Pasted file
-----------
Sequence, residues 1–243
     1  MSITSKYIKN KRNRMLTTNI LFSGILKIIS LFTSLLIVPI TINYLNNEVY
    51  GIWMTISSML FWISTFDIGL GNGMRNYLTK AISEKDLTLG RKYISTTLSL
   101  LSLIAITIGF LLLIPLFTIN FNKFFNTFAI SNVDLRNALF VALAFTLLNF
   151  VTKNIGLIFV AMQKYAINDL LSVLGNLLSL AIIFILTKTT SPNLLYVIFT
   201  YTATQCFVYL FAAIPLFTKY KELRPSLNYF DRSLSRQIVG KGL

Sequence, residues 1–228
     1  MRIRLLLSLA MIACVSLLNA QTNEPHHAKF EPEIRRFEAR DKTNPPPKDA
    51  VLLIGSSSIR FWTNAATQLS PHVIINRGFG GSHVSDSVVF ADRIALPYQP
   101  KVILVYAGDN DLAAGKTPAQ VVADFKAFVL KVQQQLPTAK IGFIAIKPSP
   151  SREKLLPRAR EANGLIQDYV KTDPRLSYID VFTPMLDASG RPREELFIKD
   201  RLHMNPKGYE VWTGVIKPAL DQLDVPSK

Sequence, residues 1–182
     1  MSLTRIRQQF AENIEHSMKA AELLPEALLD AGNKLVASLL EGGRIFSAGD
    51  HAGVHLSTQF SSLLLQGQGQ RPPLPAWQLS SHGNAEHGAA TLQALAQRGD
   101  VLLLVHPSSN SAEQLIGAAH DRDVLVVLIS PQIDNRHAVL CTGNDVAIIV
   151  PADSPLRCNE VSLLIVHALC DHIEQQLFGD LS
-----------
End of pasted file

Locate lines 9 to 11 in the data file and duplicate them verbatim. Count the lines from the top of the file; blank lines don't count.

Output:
    51  VLLIGSSSIR FWTNAATQLS PHVIINRGFG GSHVSDSVVF ADRIALPYQP
   101  KVILVYAGDN DLAAGKTPAQ VVADFKAFVL KVQQQLPTAK IGFIAIKPSP
   151  SREKLLPRAR EANGLIQDYV KTDPRLSYID VFTPMLDASG RPREELFIKD